Gypsy moth infestation in North Utica

According to the Department of Environmental Conservation, different parts of New York State are infested right now with gypsy moths.

Posted: Jul 21, 2020 11:28 PM

UTICA, N.Y. - According to the Department of Environmental Conservation, different parts of New York State are infested right now with gypsy moths.

“This happens every ten to 12 years," Lynette Kay with Cornell Cooperative Extension said. "Homeowners should be on the lookout for this.”

Gypsy moths have infested a couple of trees on Larchmont Avenue in North Utica.

Kay says they aren't dangerous to humans but they are very dangerous to certain types of trees. Gypsy moths in their caterpillar stage eat the leaves of a large variety of trees, including oak, maple, apple, crabapple, aspen, willow, birch, mountain ash, pine, spruce, and more.

The female moths are light colored and cannot fly. Male gypsy moths are a darker color and can fly.

“The caterpillars will crawl up into the canopy, they’ll eat the leaves off of it and the tree will actually be bare," Kay said. "Trees can usually take one year of this, but if it happens a couple years in a row, they’re going to starve to death because leaves are how a plant makes its food.”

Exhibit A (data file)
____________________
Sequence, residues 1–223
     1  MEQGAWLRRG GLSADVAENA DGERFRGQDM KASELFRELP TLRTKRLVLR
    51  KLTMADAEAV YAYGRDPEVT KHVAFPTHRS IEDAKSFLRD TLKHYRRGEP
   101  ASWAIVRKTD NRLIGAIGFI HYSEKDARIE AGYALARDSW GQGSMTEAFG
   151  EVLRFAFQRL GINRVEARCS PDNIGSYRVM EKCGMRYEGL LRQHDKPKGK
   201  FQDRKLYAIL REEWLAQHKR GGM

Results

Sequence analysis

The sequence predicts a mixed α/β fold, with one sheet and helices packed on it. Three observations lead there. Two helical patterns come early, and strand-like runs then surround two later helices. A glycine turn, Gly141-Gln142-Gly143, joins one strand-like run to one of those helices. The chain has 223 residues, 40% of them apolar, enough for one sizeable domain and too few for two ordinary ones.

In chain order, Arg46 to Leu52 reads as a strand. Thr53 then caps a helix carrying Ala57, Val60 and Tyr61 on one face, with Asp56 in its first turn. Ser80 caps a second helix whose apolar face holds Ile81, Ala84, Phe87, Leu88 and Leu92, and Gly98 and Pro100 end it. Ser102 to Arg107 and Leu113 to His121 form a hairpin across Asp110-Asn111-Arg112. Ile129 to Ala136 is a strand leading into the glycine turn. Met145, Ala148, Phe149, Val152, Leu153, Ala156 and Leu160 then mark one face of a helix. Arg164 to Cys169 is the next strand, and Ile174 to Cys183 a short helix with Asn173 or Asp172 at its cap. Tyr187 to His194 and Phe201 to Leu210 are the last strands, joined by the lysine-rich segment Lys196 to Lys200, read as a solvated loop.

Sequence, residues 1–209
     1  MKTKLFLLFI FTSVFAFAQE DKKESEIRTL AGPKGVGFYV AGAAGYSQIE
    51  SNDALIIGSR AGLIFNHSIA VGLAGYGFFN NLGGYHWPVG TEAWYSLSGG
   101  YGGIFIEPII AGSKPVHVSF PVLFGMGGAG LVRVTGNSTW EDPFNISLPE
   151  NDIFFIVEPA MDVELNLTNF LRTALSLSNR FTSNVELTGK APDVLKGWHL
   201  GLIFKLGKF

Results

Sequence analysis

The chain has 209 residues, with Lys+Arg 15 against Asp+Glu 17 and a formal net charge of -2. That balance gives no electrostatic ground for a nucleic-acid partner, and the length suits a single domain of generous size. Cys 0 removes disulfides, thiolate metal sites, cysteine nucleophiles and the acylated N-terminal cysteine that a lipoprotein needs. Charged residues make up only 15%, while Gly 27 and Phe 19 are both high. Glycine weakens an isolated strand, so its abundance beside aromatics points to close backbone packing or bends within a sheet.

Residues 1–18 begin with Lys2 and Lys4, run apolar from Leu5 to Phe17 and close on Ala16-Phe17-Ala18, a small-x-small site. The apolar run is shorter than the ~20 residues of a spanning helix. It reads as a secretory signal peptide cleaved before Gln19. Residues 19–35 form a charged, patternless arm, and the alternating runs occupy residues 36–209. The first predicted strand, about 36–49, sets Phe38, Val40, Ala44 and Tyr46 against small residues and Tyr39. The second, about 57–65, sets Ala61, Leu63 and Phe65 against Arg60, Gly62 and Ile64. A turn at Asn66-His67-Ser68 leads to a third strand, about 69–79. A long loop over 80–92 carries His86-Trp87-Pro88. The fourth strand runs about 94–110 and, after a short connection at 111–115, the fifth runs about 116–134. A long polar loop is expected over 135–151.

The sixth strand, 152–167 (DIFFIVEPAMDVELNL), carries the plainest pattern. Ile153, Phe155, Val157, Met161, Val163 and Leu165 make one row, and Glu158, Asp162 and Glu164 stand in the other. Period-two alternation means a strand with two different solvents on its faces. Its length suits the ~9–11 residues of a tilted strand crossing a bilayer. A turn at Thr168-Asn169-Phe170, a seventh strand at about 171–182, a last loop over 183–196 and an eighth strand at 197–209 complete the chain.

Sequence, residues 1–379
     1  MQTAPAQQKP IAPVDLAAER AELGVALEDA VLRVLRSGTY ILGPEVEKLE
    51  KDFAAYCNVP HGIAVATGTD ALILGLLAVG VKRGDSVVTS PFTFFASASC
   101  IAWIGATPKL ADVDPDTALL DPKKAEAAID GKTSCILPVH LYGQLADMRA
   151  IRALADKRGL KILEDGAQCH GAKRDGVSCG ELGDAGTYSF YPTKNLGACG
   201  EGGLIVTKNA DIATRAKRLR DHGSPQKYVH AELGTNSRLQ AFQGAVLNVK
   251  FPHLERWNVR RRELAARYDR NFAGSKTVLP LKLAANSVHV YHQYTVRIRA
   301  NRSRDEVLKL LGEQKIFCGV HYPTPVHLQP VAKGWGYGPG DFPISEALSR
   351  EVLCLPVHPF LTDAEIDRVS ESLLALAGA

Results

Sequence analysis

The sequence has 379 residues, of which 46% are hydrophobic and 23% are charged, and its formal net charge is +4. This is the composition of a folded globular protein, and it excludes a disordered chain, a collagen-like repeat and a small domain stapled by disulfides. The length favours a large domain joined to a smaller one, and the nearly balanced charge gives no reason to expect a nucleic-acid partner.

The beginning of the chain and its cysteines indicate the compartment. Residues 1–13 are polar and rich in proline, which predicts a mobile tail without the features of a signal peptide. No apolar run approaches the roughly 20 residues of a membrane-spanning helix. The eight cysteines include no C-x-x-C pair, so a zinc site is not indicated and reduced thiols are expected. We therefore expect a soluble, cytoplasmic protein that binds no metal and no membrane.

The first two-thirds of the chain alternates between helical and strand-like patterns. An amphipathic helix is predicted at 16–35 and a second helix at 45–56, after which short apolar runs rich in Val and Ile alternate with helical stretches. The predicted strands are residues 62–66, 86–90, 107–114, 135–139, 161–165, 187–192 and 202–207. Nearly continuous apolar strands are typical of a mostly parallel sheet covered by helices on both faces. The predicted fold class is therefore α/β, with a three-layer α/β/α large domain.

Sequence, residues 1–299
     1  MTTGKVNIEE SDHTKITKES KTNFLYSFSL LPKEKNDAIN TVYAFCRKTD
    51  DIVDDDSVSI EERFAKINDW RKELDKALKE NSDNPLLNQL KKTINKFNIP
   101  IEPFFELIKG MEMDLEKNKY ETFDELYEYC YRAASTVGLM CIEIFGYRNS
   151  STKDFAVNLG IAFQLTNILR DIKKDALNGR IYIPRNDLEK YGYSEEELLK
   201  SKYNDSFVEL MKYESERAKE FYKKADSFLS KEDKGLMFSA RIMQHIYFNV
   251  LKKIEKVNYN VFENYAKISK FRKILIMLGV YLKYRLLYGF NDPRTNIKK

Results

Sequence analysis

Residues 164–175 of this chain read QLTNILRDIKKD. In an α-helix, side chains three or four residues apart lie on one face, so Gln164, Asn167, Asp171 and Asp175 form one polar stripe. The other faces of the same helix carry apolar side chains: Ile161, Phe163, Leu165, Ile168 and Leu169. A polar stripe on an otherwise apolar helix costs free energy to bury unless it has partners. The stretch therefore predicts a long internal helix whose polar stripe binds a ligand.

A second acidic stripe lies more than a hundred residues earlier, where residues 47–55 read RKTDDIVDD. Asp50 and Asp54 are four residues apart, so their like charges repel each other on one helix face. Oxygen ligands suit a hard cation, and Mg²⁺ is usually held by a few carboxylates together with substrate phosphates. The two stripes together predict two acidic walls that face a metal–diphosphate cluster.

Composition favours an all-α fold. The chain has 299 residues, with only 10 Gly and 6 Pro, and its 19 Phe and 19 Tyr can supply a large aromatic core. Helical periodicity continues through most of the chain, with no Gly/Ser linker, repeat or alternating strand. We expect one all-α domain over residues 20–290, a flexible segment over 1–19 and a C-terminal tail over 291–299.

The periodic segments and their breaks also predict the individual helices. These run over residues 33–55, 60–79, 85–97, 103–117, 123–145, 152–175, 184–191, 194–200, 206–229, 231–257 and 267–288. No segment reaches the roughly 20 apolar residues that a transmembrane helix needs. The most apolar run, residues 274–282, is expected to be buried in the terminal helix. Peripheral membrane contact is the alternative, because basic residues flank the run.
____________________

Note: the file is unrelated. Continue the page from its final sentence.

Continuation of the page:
The species is invasive but has been in the United States for about 100 years. According to the DEC, their populations can reach destructive levels and thousands of acres can be damaged.

Kay says one way you can get rid of them is to scrape their larva off of the tree with a spoon into a bucket filled with water and soap.

“You want to get as much as you can because anything you leave has a future generation of caterpillars," Kay said. "So you can’t scrape onto the ground and leave them down there because they can still pupate and grow.”

She says if the problem isn't solved now, it can be devastating to trees within the next couple of years.

“This is going to be very sad for the trees, it might not be so bad next year, but then the following year it's going to be really bad so anything we can do," Kay said. "Now that we’re home and we can’t do anything, you can go out and scrape moths off your trees.”

You can find products on the market to help get rid of them. Kay says you just have to make sure gypsy moths are on the label. If the tree is completely infested, you may have to call in a professional.

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